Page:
Red tape will increase dramatically
Reading the article “HMRC is asking fleets for help” (Fleet News May 10), I noted the attempt to link these to employee car ownership (ECO) schemes.
Within the organisation I am chief finance officer of, we use AMAPs as our mileage allowance rate for staff using their private cars for business use.
Will the new scheme differentiate between purely private cars and private cars purchased under ECO schemes?
And what about the health and safety aspects of driving an appropriate car for the trip in question, especially when the rates offered encourage using smaller cars?
For organisations such as the company I work for, I can see the level of red tape increasing dramatically. As with many of these environmental comments they manage to ignore the wholelife CO2 cost of the car.
I understand from some reports the CO2 cost of manufacturing/disposing of a car equates to nine years of CO2 emissions.
Therefore a car with an expected life of 20 years rather than 10 years could be more environmentally friendly.
I have read that that 80% of the four million Land Rovers manufactured are still running, which probably gives an average age over the whole population of 20-plus years.
I also seem to remember another survey that took manufacturing costs into account where the Toyota Prius came bottom due to the CO2 costs of manufacture.
Mileage rates should reflect higher costs
I am writing in reference to the article “HMRC is asking fleets for help” (Fleet News, May 10).
It was a nightmare with the old FPCS system with the matrix of petrol/diesel/cc mix but at least that was fair and you avoided all the record-keeping by paying one averaged rate. If this was to work you would need the facility to pay only one average mileage rate irrespective of CO2 rating.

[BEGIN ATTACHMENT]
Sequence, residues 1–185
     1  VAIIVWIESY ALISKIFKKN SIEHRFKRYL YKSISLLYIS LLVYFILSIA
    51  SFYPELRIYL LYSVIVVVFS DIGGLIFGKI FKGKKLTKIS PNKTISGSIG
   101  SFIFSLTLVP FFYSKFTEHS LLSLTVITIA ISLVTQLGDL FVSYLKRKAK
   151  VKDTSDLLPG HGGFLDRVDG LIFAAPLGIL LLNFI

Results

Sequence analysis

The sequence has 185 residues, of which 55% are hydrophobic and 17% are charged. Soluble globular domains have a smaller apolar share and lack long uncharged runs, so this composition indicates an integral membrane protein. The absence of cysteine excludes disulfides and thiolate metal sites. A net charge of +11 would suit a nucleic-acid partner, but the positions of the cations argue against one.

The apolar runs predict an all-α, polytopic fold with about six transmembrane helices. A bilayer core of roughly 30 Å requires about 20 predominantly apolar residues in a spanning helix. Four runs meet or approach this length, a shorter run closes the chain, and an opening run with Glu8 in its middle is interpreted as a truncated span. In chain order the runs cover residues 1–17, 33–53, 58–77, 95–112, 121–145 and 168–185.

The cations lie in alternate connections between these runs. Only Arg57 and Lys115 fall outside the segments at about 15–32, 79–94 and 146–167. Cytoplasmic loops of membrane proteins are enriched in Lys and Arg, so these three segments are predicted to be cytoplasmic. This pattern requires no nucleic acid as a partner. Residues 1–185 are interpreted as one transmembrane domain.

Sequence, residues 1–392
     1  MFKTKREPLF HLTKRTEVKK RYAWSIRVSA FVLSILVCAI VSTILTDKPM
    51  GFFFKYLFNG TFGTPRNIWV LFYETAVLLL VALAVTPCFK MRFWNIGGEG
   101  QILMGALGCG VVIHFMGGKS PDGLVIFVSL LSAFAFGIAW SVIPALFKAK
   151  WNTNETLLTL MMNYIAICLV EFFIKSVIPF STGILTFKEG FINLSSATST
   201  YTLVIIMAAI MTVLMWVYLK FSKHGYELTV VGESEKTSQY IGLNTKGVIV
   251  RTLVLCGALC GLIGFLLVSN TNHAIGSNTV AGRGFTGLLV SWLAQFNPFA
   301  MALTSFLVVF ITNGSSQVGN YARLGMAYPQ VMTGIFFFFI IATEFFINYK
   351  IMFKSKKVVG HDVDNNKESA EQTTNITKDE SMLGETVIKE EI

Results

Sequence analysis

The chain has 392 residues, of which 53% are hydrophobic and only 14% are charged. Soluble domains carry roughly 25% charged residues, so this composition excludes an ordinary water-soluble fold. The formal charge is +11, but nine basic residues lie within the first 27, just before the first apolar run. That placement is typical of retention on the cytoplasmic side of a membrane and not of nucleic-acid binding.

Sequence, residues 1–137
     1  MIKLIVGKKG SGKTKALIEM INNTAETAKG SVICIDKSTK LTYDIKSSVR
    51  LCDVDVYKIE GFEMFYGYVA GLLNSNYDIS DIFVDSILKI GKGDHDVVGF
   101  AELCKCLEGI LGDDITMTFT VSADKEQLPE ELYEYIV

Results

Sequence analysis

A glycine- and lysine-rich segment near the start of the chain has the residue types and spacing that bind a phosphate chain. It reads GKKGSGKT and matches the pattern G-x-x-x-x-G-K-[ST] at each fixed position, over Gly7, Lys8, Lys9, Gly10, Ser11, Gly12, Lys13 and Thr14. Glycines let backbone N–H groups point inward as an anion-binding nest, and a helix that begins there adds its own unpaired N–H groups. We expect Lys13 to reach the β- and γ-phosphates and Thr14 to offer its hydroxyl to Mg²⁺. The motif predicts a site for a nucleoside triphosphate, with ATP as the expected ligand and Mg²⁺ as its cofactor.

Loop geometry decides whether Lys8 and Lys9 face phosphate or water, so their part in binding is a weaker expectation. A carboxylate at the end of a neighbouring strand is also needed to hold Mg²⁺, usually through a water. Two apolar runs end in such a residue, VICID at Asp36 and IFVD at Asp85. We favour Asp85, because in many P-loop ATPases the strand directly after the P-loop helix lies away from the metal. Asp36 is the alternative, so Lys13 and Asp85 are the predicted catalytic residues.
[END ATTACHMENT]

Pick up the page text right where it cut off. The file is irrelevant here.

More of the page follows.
With more than 2,000 employees claiming mileage reimbursement, the current AMAP system has worked extremely well for us. There are winners and losers (more losers as you’d expect after the change from FPCS), but it is very simple to operate with minimal admin.
HMRC favoured by one-sided proposals
HMRC’s proposals to amend the rules are one-sided in its favour, “HMRC is asking fleets for help” (Fleet News, May 10).
It wants to reduce the payments to the majority of individuals who use their own vehicles on company business.
Having encouraged many drivers away from company cars by progressive and penal increases in the BIK on them, they now wish to penalise those employees who use their own cars for work.
The 40p per mile rate up to 10,000 miles, and 25p thereafter has not increased for very many years. All statistics show that most cars cost considerably more than this to own and run.
Any scheme must reflect the actual cost to the worker of using his or her car as anything less is unfair, penal and oppressive.
I am led to believe that the tax-free mileage rates paid to government employees using their cars for work are considerably higher than those allowed to the rest of us.
If this is so, it is divisive and must stop or all employees, irrespective of whom they work for, should be allowed the government tax-free mileage rates.
We should be looking to increase these tax-free mileage rates to properly reflect the costs borne by employees, not reduce them under the guise of CO2 emission bands. It is vital that HMRC is left in no doubt that it is well wide of the mark with this one. It is also vital that businesses combine to protest in the strongest terms.
FCA director, Target Furniture
Why do we need ECOs?
I know that some may see this as a fairly simplistic view, but surely the question about employee car ownership schemes(ECO) must be asked: why is it felt there is a need for such contrived schemes in the first place?
Quite clearly they are designed to obtain a better tax position for the driver and/or the employer, which indicates that at worst ECOs are a form of tax avoidance, or the whole system of charging BIK in the first place is considered too penal and should be revised to reflect the changes over the past five years or more in vehicle technology.
For reasons best known to the authorities, lean-burn technology was shelved many years ago because of the insistence on the provision of catalytic converters – two technologies that are seemingly incompatible. However, lean burn would have had longer-term benefits for the environment.
All recent evidence suggests that rather than discouraging drivers from company cars we should be doing the opposite, as it would appear these are the most CO2 friendly and best maintained vehicles on the roads. Is it not time for the worm to turn?
Managing director, Applewood Vehicle Finance
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